When Deana Martin was a young girl of 9 or 10, her grandmother taught her to make Pasta Fagoli and told her that the dish would be Deana’s special connection to her dad, Dean Martin. After her grandmother died, Deana made it for her father as a present.. Even though the beloved Dino passed away on Christmas Day 1995, Deana is still “stirring the pot.” She is ensuring that, pasta and other ingredients aside, “memories are made of this."
Recollections of her father, family and friends, along with good old-fashioned tradition, have become Deana’s special connection to her audiences. She will be “cooking” on stage in the Cabaret Jazz Room at The Smith Center this coming weekend, December 20-22, serving up a full plate of music and entertainment in her Christmas show. But in the spirit of wanting to conjure up some new memories for people, as well as those from days gone by, Martin won't just be bringing classic holiday delights to the tables.
“I will also be doing some selections from my new album,” she says. “There are some great standards on it such as ‘Destination Moon,’ “’I Love Being Here With You,’ ‘Beyond the Sea,’ ‘Baby Ain’t I Good To You,’ ‘About a Quarter to Nine’ and more as well as some new original songs, including ‘Where Did You Learn To Love Like That’ and ‘Paradise,’ both written by L. Russell Brown. I duet with my dad on ‘True Love’ on the album.”.
“Johnny Rotella, who wrote ‘Nothing But The Best’ for Frank Sinatra in 1962 was 92 when he came to my recording session,” she adds. “He is now 94. Frank was the only artist who ever recorded that song and, 50 years later, Johnny gave it to me to sing and record on the album. Johnny also wrote ‘Baby-O’ for my dad with Johnny Mercer.”
Besides doing a duet with her father on “White Christmas,” some of the Christmas classics Martin will be singing in her Smith Center show include “Let It Snow,” “Winter Wonderland,” “Jingle Bells,” and “Silver Bells.” She tells a great story about the latter favorite.
“Jay Livingston and Ray Evans wrote ‘Silver Bells’ for the movie The Lemon Drop Kid starring Bob Hope,” Martin relates. “They wanted to dedicate the song to the folks that stand on the street corners ringing bells at holiday time so they initially called it ‘Tinkle Bells.’ When Ray Evans went home and told his wife, Lynn, the name of song, she said to him, ‘Are you crazy? Do you know what people think of when they hear the word, ‘tinkle?’ So they ended up changing the title to ‘Silver Bells.’”
Insofar as her personal Christmas memories growing up in a family of seven children, she recalls that the entire family would go down to the train tracks in downtown Los Angeles, which is where Christmas trees were for sale, to pick out theirs. Because their living room ceiling was two stories, high, they always got a very tall tree and dad Dean would take out a tall ladder and get up on it to string the lights. No one else was allowed to put the lights on the tree.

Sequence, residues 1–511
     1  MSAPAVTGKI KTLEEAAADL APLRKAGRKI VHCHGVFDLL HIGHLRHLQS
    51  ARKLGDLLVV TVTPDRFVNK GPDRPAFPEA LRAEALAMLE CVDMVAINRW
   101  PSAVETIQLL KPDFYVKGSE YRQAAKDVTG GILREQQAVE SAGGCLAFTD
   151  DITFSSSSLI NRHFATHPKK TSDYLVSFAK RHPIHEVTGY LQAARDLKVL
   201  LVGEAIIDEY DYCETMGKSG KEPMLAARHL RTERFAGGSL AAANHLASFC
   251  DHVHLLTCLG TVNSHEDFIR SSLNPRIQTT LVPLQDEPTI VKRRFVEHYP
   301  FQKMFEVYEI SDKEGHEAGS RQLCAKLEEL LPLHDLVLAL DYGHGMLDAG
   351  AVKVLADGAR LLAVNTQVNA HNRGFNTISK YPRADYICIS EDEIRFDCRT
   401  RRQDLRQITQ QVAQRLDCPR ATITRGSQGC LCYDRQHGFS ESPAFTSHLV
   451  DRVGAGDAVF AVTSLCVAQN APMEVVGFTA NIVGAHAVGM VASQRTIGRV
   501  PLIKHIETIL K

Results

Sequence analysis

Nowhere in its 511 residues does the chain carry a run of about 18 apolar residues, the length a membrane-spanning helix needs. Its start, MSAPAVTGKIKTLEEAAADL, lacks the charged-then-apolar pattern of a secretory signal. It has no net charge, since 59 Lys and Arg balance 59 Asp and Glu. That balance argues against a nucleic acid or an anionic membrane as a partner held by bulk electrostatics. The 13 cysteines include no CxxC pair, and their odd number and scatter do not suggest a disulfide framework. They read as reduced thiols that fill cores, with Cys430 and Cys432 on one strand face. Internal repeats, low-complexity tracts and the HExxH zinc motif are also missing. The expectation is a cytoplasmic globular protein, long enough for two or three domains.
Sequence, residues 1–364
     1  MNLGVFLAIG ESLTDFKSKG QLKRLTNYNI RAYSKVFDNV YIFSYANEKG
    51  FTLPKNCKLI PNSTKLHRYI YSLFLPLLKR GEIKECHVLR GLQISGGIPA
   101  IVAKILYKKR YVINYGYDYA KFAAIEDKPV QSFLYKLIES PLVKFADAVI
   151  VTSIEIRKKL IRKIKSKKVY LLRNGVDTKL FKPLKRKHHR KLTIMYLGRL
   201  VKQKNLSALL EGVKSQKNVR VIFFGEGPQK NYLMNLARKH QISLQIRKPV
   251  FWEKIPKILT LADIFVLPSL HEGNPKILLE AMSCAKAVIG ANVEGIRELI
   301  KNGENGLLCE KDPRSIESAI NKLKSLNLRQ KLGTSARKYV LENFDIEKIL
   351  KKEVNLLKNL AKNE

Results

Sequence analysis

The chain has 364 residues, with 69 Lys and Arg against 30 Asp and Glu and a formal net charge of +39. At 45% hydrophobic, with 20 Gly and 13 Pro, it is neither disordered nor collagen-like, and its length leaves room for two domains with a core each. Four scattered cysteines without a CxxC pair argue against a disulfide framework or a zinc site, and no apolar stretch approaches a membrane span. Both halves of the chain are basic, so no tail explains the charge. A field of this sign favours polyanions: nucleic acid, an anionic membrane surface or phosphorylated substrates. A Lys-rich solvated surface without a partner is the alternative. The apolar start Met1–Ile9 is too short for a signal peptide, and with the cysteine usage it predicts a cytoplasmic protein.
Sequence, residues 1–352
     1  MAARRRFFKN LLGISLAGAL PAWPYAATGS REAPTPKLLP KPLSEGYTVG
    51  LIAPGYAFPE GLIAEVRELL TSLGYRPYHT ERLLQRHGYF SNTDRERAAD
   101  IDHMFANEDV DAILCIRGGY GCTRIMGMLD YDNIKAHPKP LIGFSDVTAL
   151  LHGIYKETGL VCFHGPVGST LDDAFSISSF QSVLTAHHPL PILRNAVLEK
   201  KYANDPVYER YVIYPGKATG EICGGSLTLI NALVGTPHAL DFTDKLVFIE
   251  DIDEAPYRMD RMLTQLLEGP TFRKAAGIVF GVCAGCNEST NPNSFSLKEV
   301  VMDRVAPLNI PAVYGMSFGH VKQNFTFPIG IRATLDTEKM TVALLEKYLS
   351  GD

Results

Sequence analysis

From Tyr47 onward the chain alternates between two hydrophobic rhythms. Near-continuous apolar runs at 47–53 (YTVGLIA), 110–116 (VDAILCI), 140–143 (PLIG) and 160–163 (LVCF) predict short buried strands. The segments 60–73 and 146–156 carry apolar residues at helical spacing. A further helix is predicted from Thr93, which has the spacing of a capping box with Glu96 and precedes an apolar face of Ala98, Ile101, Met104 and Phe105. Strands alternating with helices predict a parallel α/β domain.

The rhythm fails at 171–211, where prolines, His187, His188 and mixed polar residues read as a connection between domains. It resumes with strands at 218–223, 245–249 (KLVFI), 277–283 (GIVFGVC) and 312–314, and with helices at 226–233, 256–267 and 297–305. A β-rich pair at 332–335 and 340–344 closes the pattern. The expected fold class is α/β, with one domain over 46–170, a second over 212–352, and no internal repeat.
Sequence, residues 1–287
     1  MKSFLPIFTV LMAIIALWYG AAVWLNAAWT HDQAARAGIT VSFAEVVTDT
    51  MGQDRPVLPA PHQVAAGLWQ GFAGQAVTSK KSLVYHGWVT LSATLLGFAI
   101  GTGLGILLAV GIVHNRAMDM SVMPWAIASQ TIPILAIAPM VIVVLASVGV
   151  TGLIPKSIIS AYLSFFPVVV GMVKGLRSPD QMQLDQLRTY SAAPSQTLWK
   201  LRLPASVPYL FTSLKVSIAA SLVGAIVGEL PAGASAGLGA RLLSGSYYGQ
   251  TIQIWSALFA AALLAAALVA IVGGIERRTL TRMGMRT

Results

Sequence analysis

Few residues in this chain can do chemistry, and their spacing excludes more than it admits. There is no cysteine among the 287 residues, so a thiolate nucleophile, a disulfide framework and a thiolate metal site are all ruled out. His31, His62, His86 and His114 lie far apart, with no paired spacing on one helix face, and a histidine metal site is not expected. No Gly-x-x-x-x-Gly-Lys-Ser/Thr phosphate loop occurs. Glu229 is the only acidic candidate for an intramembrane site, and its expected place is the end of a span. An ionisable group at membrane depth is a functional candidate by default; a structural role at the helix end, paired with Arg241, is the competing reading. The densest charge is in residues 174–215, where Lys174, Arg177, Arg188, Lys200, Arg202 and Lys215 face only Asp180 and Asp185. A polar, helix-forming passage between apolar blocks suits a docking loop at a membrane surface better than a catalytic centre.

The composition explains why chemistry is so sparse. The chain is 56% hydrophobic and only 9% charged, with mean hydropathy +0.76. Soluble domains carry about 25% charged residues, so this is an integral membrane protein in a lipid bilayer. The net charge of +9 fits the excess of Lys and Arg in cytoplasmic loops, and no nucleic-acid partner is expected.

“He’d tell us kids to stand back and look for the holes in the tree where there were no lights,” Martin smiles. “We would get to trim the tree after that and fill in the holes. Where the tinsel was concerned, Dad wouldn’t let us throw it – we had to put it on one strand at a time. Then, Christmas Eve, we would go to mass at Good Shepherd Church. I was baptized there, took my first Holy Communion there, and I sang for President Kennedy there. Frank Sinatra’s mass was held there, too. But we could each open one present on Christmas Eve and when we woke up on Christmas morning, we knew that Santa had been there, With seven kids, there were about 70 presents under the tree.
“I remember that Christmas carolers would come by on Christmas Eve,” she continues, “even Les Brown and Artie Shaw, who were known as ‘Hymn and Hangover.’ They would show up at the doors of the houses in our neighborhood and everyone would invite them in for a hot toddy. By the time they got to Lucille Ball’s house, they were smashed.
“I also recall our New Year’s Eves when we lived in Beverly Hills,” she muses. “We would be given pots and pans and spoons and would go outside and make as much noise as we could – thinking that it was midnight. In reality, it was only 0 p.m. but we never knew it because we were watching pre-recorded festivities in New York and saw the ball drop at midnight there. After that, we’d go to bed.”
Christmas is also a bittersweet time for Martin. Her beloved grandmother, Angela – her father’s mother, whom she calls her guardian angel from whom she got her middle name -- and her dad both died on Christmas Day in different years, but at the same hour – 3 a.m. in the morning. Still, the memories of Pasta Fagoli and that special connection linger on.
“I made the Pasta Fagoli for my dad and took it to his house,” she reminisces. “I still can see the way he looked at me when I handed it to him, still warm, and he asked, ‘Is this Pasta Fagoli?’ A week later, he called me – and he never called anyone – and asked if I could make it for him again. So I did. I took it to his house and the housekeeper handed me an envelope. I opened it up and there was $500 and a note that said, ‘Here, Deana, thanks for the soup and go buy yourself some more beans.” Two weeks later, he called and asked me to make him some more and I told him that I didn’t need $500 and that beans were only $2. I brought the Pasta Fagoli over to the house and the housekeeper handed me an envelope again. In it was $500 and a note that read, ‘Thanks, honey, for the soup. Go buy yourself a house.’”
It is with great music and memories like these that Deana Martin is set to “bring the house down” at The Smith Center.